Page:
There is no denying the Christmas vibes any longer. Even the Grinches amongst us can’t pretend that Dublin City Centre isn’t twinkling that bit brighter and the pubs aren’t looking so much cosier. Cinnamon is sneaking its way into our takeaway coffees, and shop displays are brimming with gold, red and silver wrapping, shimmering at you as you pass by all snuggled up in your woollies. It is in the air, and all those typically Irish Christmas traditions are coming to the fore once again.
We all have our own traditions, for example, my friend’s family has steak sambos for Christmas dinner instead of turkey and ham! Utter madness, but each to their own. Then, of course, there are the many traditions we share. However, the best ones of all are the Christmas traditions that are so uniquely Irish you simply can’t experience them in any part of the world other than right here in Ireland. So, without further ado, let’s see how Irish the Christmas season has been for you so far!
Check off your Irish Christmas traditions!
Giving out about early Christmas displays
Whether it’s Arnott’s windows, 3 for 2 deals taking over Boots or just the spotting of mince pies in SuperValu, you will always find out about it via an angry rant from a friend or family member. The conversation will consist of a back and forth of sneers: “Ah it’s waaaaay too early for that!” “Ridiculous!” “Rubbish.” “That’s the start of it now.” “Sure, it isn’t even Halloween yet.” But secretly, a mild panic has now set in as everyone realises Christmas is coming and fast!
Glen Hansard busking
Will they do it this year? Will it be on Grafton Street or Henry Street? What day does it happen on again? We may struggle to remember the finer details of this very Irish Christmas tradition, but we hold it dearly in our hearts nonetheless. This annual singalong, led by our favourite Irish musician, Glen Hansard, typically happens on Christmas Eve in or around Grafton Street. It’s a truly feel good spectacle, often with other Irish musicians such as Bono and Hozier joining in, all in an effort to spread the Christmas cheer and raise some airgead for charity.
The Forty Foot Christmas day swim
We may be out hail, snow or shine every morning delivering fruit to offices around Dublin, but the thought of the Forty Foot dip still sends shivers down our spines. If there is ever a case to be made for the Irish being off their rockers, then this would be exhibit A! Hundreds of people line up at the Forty Foot pier in Sandycove to hurl themselves into the freezing waters on the 25th of December, and why? Well, to raise money for charity. Fair play to you brave souls and make sure to get a hot whiskey into you after!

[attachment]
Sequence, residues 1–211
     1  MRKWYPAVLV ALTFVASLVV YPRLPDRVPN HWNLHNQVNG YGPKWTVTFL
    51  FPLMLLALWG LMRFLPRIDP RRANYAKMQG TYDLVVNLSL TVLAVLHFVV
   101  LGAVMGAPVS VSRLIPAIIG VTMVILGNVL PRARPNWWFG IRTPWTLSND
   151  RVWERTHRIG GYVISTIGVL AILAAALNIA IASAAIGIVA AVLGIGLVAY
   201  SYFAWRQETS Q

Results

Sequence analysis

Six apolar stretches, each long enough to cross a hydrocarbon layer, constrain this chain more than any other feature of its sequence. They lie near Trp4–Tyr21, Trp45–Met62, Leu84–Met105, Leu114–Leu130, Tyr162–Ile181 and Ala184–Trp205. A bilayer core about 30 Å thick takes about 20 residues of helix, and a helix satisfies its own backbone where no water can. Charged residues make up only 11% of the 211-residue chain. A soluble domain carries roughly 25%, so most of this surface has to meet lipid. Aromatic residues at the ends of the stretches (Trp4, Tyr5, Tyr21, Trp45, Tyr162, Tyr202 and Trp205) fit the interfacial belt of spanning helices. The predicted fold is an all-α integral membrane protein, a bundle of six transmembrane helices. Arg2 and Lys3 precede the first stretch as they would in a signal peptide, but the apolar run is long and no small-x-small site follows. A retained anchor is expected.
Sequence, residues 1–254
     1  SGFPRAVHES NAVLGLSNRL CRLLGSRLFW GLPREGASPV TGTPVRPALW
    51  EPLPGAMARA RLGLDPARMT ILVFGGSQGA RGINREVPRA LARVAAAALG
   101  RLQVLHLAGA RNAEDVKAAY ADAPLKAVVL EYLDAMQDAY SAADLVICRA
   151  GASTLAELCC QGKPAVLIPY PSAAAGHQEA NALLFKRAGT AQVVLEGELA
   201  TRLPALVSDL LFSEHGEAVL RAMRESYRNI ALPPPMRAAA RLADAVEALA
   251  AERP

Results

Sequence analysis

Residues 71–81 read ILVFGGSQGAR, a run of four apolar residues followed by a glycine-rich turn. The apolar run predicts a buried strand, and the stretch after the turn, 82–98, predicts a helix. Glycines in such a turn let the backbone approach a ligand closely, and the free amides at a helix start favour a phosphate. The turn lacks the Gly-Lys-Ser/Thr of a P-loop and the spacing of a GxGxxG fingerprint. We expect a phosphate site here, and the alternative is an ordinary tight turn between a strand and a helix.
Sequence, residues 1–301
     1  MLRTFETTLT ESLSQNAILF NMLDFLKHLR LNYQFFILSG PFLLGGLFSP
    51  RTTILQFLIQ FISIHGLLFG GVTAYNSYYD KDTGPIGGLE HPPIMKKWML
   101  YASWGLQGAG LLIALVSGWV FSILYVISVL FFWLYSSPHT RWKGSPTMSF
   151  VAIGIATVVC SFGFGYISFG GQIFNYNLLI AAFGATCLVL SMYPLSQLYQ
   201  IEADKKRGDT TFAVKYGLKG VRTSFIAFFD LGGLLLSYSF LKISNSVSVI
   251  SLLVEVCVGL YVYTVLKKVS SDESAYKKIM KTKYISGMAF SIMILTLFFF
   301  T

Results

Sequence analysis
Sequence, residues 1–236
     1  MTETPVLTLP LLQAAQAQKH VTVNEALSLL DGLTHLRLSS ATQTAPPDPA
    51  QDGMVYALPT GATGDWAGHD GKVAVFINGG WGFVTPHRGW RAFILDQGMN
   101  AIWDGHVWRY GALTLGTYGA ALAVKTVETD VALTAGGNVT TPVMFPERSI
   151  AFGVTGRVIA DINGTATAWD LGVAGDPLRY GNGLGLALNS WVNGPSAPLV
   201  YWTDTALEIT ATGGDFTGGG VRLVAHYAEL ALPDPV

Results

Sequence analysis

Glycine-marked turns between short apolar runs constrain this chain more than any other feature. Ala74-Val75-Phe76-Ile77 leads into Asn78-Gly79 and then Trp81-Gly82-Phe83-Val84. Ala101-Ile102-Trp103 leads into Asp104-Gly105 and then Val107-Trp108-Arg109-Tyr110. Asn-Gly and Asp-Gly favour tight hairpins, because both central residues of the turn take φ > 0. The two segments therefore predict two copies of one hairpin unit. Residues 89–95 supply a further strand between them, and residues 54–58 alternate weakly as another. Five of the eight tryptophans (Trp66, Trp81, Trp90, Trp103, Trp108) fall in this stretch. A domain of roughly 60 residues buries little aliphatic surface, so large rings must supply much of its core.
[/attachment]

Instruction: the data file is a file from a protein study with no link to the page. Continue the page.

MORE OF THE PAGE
The Late Late Toy Show
It’s hard to get more Irish than The Late Late Show, but The Late Late Toy Show is a strong contender. Old or young, you can’t help but end up watching it, and if you happen to miss it don’t worry, someone in the family has it recorded or there’s a clip of this year’s smallest comedian gone viral – because there’s always one! While the tots sit around the TV to help review the latest toys on the market, the rest of us bask in the feel-good factor, and some of us have even taken to playing drinking games. If ‘Every time Tubridy says “…and there’s one for everyone in the audience”’ is a rule in your drinking game, you really only have yourself to blame!
The Live Animal Crib
In early December, don’t be confused if you hear the bleating of sheep in the heart of Dublin city. Just one street over from the glitz and glam of Grafton Street, a more old-school Irish celebration is occurring at Mansion House. Every year, The Irish Farmer’s Association open their Live Animal Crib for public viewing and it always goes down a treat. In the midst of our modern city with its constantly shifting landscape, the time-honoured nativity scene we all know from our school days brings with it an undeniable fuzzy sense of nostalgia. It’s free to see the Live Crib, but there is a collection for one of Dublin’s oldest charities, the Mansion House Fuel Fund.
The Twelve Pubs of Christmas
We’ve put our researchers to the task of finding out how it all started and after much trawling through the depths of the internet, *cough* Wikipedia *cough* reveals that it is a copycat tradition of The Twelve Bars of Christmas, or TBOX for short, that started in Chicago. We’re happy to erase that from our memories if you are! A popular tradition all over Ireland, that some pubs relish in and others avoid like the plague. If you’re looking to spot The Twelve Pubs of Christmas in action all you have to do is keep an eye out for a group of merry revellers with glassy eyes and wearing ugly Christmas jumpers with pride.